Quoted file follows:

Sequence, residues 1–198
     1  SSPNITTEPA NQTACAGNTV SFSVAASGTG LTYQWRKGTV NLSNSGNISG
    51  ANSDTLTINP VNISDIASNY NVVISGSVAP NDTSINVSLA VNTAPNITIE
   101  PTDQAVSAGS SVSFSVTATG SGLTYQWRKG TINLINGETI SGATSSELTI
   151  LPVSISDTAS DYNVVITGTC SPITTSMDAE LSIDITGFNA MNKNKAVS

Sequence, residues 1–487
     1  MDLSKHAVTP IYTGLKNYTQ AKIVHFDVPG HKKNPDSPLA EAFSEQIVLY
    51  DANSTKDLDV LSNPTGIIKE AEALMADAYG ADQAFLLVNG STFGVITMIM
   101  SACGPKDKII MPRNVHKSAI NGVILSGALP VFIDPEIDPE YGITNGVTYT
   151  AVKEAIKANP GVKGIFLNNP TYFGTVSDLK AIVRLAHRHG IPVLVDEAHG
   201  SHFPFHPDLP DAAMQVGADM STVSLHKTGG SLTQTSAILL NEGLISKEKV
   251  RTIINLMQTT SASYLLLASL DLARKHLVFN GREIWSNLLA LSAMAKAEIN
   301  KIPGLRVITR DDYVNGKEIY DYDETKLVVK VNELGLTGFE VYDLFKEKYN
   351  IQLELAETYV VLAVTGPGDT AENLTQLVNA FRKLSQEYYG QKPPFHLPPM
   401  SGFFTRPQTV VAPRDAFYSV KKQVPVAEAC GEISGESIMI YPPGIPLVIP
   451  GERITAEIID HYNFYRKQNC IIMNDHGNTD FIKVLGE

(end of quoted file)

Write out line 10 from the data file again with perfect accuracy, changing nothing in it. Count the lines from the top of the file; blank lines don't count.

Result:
   151  AVKEAIKANP GVKGIFLNNP TYFGTVSDLK AIVRLAHRHG IPVLVDEAHG